Even the Sick Boy Found Peace in Sacrifice
I really did think it’d be my last Christmas. Sure, I was on the lung transplant list, but the doctors said I’d have to wait months before donor lungs became available. I was daily coughing up chunks of green gravel, trapped in a slow suffocation and ending each night wondering if I’d die in my sleep.
So, naturally, I lived like the Christmas was my last. ‘Cause, heck, it coulda been. I wasn’t exactly ballin’ before I hit end-stage cystic fibrosis, but I had some lumps of change to pass round. It wasn’t enough to comfort anyone in my living will, should I die, so I figured I’d try and make people happy while I was still around. My family and friends got plenty of presents that year; they’d proven themselves worthy of the Nice List after all they’d sacrificed for me in my care. Ho-ho-ho.
And I found that I very much liked that kind of material sacrifice. It was a new thing, and it did something to me.
It made me realize how many of my anxieties were attached to possessions, and how that ceased when I pivoted to giving instead of clinging. (As in, that Christmas released me from one of my biggest burdens.)
It made me realize I’d really only practiced “generosity” through surplus, rather than true and felt sacrifice, and I wanted to fix that. (As in, I had a new mission in a time of “purposelessness.”)
It made me realize that after months of dependency on my carers, I needed to feel I had something to contribute. (As in, sacrifice empowered me.)
A few months before then, I’d begun to take my Christian faith seriously. But parts of scripture confused me (and still do). For example, in Matthew 6:25-34, why does Jesus speak to a bunch of imperially oppressed Israelites and tell them not to worry? Why does he tell starving people not to worry about food or clothes? He says God would take care of them, yet nothing is going right for them, physically. I read that passage while sick and dying, thinking, “A little tone-deaf, Jesus, don’t ya think?”
Near Christmas, the celebration of Jesus’s birth, I realize that his teachings envisioned a community centered on the sacrifice of pride, greed, hyper-individualism, and false identities. If one type of sacrifice is missing, the community won’t work, and people will continue hurting. But if the community is working … well, in a community sacrificing for all people in humility and unity, who would go hungry? And, being the wise guy he is, maybe Jesus also knew that an individual’s generosity is a psychology-backed key to finding an inner joy that cannot be extinguished by even the mightiest of empires or a broken community.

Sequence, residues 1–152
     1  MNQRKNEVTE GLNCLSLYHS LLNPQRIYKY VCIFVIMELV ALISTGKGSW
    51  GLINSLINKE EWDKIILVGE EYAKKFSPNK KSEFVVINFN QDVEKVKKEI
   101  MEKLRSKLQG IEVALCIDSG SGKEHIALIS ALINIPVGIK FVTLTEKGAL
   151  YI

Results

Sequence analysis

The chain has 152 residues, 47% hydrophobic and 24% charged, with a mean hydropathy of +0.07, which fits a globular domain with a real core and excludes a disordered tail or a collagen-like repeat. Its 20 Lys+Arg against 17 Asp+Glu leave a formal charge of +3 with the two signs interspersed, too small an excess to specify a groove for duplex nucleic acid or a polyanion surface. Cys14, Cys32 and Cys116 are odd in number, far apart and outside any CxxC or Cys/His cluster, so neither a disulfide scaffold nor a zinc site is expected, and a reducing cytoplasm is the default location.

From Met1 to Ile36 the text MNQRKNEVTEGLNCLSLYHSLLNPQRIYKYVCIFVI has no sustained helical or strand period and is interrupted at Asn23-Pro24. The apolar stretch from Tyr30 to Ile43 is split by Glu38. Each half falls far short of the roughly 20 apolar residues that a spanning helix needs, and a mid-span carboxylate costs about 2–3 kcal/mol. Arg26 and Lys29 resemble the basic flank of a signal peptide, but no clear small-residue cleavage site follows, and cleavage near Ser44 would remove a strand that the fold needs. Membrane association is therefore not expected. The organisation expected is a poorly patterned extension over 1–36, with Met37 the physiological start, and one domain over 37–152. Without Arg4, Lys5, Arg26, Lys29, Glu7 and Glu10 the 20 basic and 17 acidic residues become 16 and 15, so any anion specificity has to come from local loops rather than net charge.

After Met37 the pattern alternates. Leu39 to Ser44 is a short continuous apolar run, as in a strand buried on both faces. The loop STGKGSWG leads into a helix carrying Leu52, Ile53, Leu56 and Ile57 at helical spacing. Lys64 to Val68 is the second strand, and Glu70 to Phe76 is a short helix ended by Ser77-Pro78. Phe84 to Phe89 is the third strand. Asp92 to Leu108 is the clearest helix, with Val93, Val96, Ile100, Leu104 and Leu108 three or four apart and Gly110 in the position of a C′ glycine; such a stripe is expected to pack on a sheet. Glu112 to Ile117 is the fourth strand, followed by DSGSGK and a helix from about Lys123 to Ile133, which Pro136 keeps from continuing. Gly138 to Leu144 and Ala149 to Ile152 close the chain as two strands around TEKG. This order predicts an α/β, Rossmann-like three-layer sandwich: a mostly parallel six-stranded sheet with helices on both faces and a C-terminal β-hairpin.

By cultivating that joy in people, he gave them power over their broken situation. You choose your response to the oppressor and the hunger, and you choose if you want to be part of a community dedicated to being the compassionate hands and feet of a radically loving God. (I’m interpreting Jesus’ intention, not pretending Christianity is the only route to generosity and community.)
It’s the message I needed in a time when I was learning helplessness, clawing for illusions of control, and isolating myself from the people who loved me well.
In my “last” days, I dedicated myself to being surrounded by the Church that Jesus envisioned. They didn’t care if I was mega-faithful or not, they just cared that I was a hurting person who needed help. People sacrificed all they could to bring me joy, in unimaginably wondrous ways and attitudes. In those days, I saw the most intense beauty in people. I wanted some of that. I didn’t have many possessions or much energy to surrender, but I gave what I had, and that was enough to set my spirit alight. Three weeks later, on the operating room table before my transplant, I felt more vibrant and alive than ever before.
Maybe — starving, hurting friend — this season calls for sacrifice. (There doesn’t need to be religious belief attached to giving.) The paradox is that sacrifice will make you rich in spirit, strength, and joy.
Brightly colored wrappings, gingerbread-scented candles, really broad smiles. I remember leaning back, breathing deeply as I could, and thinking that thought, that golden thought: “This is the good life.”
Note: Cystic Fibrosis News Today is strictly a news and information website about the disease. It does not provide medical advice, diagnosis, or treatment. This content is not intended to be a substitute for professional medical advice, diagnosis, or treatment. Always seek the advice of your physician or other qualified health provider with any questions you may have regarding a medical condition. Never disregard professional medical advice or delay in seeking it because of something you have read on this website. The opinions expressed in this column are not those of Cystic Fibrosis News Today, or its parent company, BioNews, and are intended to spark discussion about issues pertaining to cystic fibrosis.